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Getting a Good Night's Sleep

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Ensuring Restful Sleep - Positive Self-Talk

A great way to establish the habit of restful sleep is to quietly talk to yourself a little before falling asleep. In essence you're talking directly to your subconscious mind, and the instructions you give your subconscious can go far toward ensuring a good night's sleep and a successful day tomorrow.

Positive self-talk has been championed by renowned plastic surgeon Maxwell Maltz in his world-famous book, Psycho-Cybernetics, and by many leaders in the field of human peak performance, including Earl Nightingale, Napoleon Hill, and Norman Vincent Peale.
You can say things like:

  • I sleep through the night. I sleep deeply and well.
  • I wake up relaxed, refreshed, restored, renewed, revived.
  • I will have a great day tomorrow. I'll meet the right people and speak with the right people. Everything goes my way.
  • I am healthy and well. I am healthy and well.

Give thanks for your wonderful family, friends, and job or career.

You'll notice, after a few nights of brief, quiet positive self-talk, that you're falling asleep quicker and that your days are becoming much easier, much more enjoyable. Things are flowing your way. It's quite remarkable.

Americans spend more than $2 billion each year on sleep-aiding medications. Sleep is supposed to be a natural process. What's going on? There are many issues in the way of getting a good night's sleep. Daily stresses - work problems, financial difficulties, family challenges - can all keep a person up at night.1 We rehash what was said over and over again, or we endlessly review the problems confronting us, creating more anxiety and worry while the minutes and maybe even hours tick away.

Eating late at night - particularly fat-filled foods and snacks - may also interfere with a person's ability to fall asleep and sleep restfully. Late night meals engage all the resources of your digestive system - your body is actually doing a lot of work when it's supposed to be resting. Not good. And, of course, a lot of this late night food is stored as fat, creating additional problems.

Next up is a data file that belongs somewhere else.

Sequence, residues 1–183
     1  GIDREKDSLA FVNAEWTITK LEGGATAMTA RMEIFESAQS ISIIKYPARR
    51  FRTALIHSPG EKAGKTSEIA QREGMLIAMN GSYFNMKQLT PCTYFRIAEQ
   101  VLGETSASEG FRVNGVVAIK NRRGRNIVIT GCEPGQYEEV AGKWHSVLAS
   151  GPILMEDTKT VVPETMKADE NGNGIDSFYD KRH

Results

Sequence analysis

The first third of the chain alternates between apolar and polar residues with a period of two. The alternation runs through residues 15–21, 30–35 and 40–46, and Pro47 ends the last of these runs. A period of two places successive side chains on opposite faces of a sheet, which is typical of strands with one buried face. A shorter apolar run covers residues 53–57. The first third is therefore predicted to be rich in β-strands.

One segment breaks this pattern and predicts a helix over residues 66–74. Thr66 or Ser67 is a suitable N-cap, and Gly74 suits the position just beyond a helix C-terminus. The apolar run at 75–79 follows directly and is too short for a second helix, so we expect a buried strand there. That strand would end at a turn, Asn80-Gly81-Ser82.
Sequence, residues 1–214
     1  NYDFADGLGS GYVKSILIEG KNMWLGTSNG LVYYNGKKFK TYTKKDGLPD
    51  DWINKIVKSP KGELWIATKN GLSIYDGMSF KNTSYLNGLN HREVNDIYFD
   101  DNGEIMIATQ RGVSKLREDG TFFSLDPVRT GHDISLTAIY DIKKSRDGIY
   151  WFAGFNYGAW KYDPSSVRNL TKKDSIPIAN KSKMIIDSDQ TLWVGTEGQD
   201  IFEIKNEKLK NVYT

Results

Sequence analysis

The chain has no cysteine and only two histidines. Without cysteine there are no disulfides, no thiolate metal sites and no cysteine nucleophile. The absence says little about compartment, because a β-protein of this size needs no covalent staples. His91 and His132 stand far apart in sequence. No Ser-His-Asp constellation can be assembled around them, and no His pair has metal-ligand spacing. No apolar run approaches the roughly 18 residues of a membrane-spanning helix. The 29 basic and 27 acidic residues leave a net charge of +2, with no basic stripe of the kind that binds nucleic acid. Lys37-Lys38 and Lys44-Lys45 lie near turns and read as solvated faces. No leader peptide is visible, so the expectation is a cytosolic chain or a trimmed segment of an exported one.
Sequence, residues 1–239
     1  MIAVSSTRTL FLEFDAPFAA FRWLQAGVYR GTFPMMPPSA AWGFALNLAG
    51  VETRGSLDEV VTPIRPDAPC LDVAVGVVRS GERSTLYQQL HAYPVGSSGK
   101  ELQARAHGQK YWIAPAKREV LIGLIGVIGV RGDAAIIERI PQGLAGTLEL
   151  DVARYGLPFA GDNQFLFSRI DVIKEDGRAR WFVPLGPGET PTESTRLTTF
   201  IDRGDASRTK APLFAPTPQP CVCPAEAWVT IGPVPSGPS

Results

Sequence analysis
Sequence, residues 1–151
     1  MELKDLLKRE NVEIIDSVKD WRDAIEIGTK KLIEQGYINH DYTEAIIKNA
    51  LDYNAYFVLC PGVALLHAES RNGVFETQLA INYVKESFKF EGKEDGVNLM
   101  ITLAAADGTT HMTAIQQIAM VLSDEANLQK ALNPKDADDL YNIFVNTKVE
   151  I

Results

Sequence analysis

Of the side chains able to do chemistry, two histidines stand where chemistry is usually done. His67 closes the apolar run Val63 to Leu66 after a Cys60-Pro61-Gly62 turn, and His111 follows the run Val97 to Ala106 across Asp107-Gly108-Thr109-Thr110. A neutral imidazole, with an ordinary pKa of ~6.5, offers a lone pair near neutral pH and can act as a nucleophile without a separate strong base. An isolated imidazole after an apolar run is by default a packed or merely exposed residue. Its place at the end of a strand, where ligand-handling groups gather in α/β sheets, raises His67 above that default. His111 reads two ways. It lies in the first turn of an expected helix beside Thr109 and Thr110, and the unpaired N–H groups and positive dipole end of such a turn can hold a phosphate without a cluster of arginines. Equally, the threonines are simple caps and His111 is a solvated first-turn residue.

Not enough exercise also contributes to lack of restful sleep.2,3 When you're doing vigorous physical work, your body needs to recover. Sleep allows your body to repair and rebuild, getting stronger in the process. Regardless of one's stresses and worries, vigorous exercise makes a physical demand on your body that will put you right to sleep.
If you're not exercising regularly, this strong physiologic need for deep rest is missing, and you'll likely be tossing and turning the night away.

Old, soft, lumpy mattresses are another potential sleep-disturber. But too-firm mattresses may also cause problems. A good mattress is supportive and comfortable - it "gives" in all the right places and provides a balanced, springy platform for a restful night's sleep. The solutions are straightforward and none of them involve medication. Regular exercise is the key ingredient. With consistent exercise, your body's need for sleep will win out over your conscious mind's automatic mechanism of repeatedly processing the day's events.

Chiropractic care may be another key ingredient. Gentle chiropractic treatment ensures that all your body's systems are talking to each other and the right messages are getting through. Chiropractic treatment ensures clear communication from one body system to another. Late at night, systems shut down when they're supposed to and the result
is a good night's sleep. Your chiropractor will be glad to provide you with important information on customized exercise and nutrition programs that will help you continue to be healthy and well.


1Richardson GS: Human physiological models of insomnia. Sleep Med 8(Suppl 4):S9-S14, 2007
2Lee YC, et al: Lifestyle risk factors associated with fatigue in graduate students. J Formos Med Assoc 106(7):565-572, 2007
3Li F, et al: Tai chi and self-rated quality of sleep and daytime sleepiness in older adults: a randomized controlled trial. J Am Geriatr Soc 52(6):892-900, 2004



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